China’s Ministry of Commerce said Friday that protectionist measures will harm the European solar energy industry and the two sides should resolve the dispute through negotiations.
The move came after a report revealed that Germany’s SolarWorld and other European solar panel makers filed a complaint this week seeking import tariffs on Chinese-made products.
The ministry has taken note of relevant reports and is verifying the information, said an official with the ministry.
“Thanks to low prices of raw materials and technological progress, Chinese solar energy products are more price competitive than European Union (EU) ones. That’s not dumping, as accused by some European companies,” the official said.
The import price of polysilicon — the major material for solar photovoltaic panels — has fallen to less than $30 per kilogram from nearly $300 in 2008, according to her.
Meanwhile, Chinese enterprises have invested heavily in improving technology and scaling up production, she added.
“Dumping allegations are groundless,” the official said on condition of anonymity.
She noted that Chinese enterprises only have advantages on the production side and they have to import most of the raw materials, equipment and manufacturing technologies from the EU and the United States.
China’s solar industry not only contributes to fueling EU exports of materials and equipment, but also helps create many job opportunities in the debt-ridden zone, she said.
The EU solar industry provides over 300,000 jobs for local people, and more than 80 percent of employees work in upstream and downstream industries, including raw material supplies, equipment manufacturing and system design, according to previous reports.
“The two sides should resolve the dispute through negotiations in order to maintain a healthy and stable industry environment. Amid global economic uncertainties, a stable free trade environment guarantees common development of solar photovoltaic industries on both sides,” she said.
Her comments came as the latest salvo in a battle between China and the EU over the solar product trade.
Chinese experts on Friday warned of a possible trade war if the EU imposes anti-dumping tariffs on Chinese-made solar products.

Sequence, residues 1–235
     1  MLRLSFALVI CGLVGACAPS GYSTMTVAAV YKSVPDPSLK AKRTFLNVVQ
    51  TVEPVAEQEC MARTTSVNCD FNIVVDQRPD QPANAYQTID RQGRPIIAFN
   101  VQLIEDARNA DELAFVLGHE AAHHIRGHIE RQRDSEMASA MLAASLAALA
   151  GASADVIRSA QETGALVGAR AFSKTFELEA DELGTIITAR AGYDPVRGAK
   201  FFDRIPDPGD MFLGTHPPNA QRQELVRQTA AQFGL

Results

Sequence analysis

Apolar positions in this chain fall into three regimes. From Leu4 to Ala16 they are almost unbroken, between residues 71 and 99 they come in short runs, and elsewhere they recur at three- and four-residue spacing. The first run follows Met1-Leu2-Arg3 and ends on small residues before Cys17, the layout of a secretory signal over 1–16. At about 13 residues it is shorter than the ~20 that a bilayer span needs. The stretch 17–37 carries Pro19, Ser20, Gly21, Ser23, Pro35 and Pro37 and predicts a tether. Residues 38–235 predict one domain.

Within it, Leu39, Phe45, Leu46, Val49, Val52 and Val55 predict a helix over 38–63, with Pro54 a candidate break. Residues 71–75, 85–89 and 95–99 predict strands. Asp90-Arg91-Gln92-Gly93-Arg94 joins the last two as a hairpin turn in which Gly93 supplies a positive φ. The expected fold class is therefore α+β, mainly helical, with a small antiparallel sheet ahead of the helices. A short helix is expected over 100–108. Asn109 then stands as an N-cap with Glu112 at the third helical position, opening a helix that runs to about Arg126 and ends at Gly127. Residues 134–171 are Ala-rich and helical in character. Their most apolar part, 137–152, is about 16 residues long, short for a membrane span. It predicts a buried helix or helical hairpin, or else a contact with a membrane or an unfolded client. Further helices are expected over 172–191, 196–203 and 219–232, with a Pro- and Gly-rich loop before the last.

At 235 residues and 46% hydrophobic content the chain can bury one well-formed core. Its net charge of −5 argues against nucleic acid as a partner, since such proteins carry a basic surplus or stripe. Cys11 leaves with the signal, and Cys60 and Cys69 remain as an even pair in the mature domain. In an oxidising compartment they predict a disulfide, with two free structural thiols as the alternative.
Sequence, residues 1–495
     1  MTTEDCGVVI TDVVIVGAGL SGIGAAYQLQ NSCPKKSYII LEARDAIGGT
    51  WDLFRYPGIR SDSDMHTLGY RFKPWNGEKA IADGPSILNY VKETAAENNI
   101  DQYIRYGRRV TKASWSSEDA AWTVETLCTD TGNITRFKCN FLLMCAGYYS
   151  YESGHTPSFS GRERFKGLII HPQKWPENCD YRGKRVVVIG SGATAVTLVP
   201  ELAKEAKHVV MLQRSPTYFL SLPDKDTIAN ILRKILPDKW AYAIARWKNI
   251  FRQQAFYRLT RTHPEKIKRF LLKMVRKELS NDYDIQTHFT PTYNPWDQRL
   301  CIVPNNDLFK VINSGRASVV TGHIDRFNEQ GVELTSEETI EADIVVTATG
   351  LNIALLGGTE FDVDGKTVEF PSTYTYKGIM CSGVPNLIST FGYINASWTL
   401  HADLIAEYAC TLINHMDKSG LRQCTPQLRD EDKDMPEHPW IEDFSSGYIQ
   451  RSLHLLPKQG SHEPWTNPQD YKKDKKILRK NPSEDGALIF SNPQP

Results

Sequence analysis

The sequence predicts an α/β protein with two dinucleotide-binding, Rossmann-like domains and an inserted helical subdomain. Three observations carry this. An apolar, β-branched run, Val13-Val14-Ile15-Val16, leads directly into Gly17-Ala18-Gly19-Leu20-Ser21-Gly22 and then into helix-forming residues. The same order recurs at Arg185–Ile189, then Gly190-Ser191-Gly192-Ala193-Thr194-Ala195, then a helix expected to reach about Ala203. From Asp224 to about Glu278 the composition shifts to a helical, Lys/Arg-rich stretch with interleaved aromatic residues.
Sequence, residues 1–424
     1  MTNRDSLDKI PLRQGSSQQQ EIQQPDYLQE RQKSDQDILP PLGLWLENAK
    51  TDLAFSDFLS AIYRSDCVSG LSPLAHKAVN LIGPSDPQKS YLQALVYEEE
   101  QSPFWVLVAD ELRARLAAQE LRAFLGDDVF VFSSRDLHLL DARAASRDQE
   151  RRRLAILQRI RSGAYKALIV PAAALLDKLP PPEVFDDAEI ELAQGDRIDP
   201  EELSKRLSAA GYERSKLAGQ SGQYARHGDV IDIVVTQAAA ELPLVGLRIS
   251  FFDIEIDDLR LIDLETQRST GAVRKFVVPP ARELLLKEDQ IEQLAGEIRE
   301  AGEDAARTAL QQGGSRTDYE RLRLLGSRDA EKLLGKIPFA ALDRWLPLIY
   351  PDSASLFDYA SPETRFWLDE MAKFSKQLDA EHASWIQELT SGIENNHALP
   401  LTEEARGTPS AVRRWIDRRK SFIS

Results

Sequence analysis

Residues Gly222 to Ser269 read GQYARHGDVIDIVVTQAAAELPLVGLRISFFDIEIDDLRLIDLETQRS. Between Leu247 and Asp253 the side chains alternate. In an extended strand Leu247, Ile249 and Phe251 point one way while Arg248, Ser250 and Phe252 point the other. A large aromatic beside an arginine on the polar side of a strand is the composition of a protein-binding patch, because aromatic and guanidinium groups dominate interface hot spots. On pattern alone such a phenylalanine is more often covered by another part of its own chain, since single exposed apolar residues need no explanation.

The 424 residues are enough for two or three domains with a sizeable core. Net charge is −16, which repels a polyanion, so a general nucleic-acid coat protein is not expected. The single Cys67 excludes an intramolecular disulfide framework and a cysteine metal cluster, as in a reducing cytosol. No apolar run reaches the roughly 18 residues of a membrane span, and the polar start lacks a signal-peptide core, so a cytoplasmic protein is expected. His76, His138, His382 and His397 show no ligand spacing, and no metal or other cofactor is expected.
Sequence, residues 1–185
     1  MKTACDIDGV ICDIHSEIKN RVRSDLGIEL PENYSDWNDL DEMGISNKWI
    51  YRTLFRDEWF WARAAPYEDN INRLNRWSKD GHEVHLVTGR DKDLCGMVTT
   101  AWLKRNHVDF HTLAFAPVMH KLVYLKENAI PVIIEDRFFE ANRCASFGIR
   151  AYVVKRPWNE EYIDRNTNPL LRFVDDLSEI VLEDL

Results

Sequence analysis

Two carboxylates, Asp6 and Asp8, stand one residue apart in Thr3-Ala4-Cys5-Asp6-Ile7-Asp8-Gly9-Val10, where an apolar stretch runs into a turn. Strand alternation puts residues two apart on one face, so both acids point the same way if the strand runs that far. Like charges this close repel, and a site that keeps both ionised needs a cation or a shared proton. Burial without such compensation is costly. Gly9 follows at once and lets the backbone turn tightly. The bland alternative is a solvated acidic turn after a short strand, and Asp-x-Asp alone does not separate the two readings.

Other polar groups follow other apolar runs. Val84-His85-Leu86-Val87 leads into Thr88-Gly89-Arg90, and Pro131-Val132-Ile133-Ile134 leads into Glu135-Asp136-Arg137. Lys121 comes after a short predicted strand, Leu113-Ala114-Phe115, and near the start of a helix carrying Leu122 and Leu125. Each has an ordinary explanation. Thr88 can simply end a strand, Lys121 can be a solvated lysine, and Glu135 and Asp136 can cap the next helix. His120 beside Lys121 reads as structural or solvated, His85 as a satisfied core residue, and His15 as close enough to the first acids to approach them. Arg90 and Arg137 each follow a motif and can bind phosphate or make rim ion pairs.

“No one will be a winner in a trade war. Both China and the EU should work to avoid it,” said Meng Xiangan, deputy director of the China Renewable Energy Society.
The country’s four major solar panel makers — Yingli, Suntech, Trina and Canadian Solar — issued a joint statement Thursday rejecting allegations that they have received illegal subsidies and dumped solar products in Europe and urging the government to take “necessary measures to protect our legitimate rights and interests.”
“The EU should be very clear that any kind of limit on market liberalization may destroy the balanced development of the photovoltaic industry, hinder energy reform and undermine global efforts to fulfill long-term energy-saving and emissions-reduction goals,” the statement said.
SolarWorld spearheaded a similar initiative in the US, leading the country to impose duties of about 31 percent on solar panel imports from China in May.
In response, China launched investigations into imported US solar-grade polysilicon last week.
China will likely initiate anti-dumping and anti-subsidy probes on EU-imported polysilicon if the EU decides to penalize Chinese solar companies, Meng said.
Chinese experts and entrepreneurs denied that the Chinese government has provided any illegal subsidies to its own manufacturers, saying many US and EU companies, as well as global industry associations, have agreed that SolarWorld filed the complaint primarily to ensure its own commercial interests and its allegations were groundless.
Many overseas economic organizations and industry groups have voiced opposition to imposing duties on Chinese-made solar products.
“Like a crazed agent provocateur, SolarWorld is fueling global solar industry infighting for its own selfish interests. On behalf of tens of thousands of US solar workers, we are very disheartened by SolarWorld’s unnecessary and destructive actions and urge the EU to reject their petition,” said the Coalition for Affordable Solar Energy (CASE) in an email interview with Xinhua.
The CASE is a coalition of American solar companies representing 97 to 98 percent of jobs in the US solar industry.
On Thursday, the Greater Phoenix Economic Council (GPEC) announced that it has filed a formal letter of protest to the US Department of Commerce and the International Trade Commission against tariffs on Chinese photovoltaic cells and modules.
As the premier economic development group for the Greater Phoenix, Arizona area, GPEC said a solar tariff of 50 percent will result in the loss of 14,877 to 43,178 jobs by 2014.
The tariffs will not only force solar companies to alter their business models, but also make future Chinese investment in Arizona more challenging, according to GPEC President and Chief Executive Officer Barry Broome.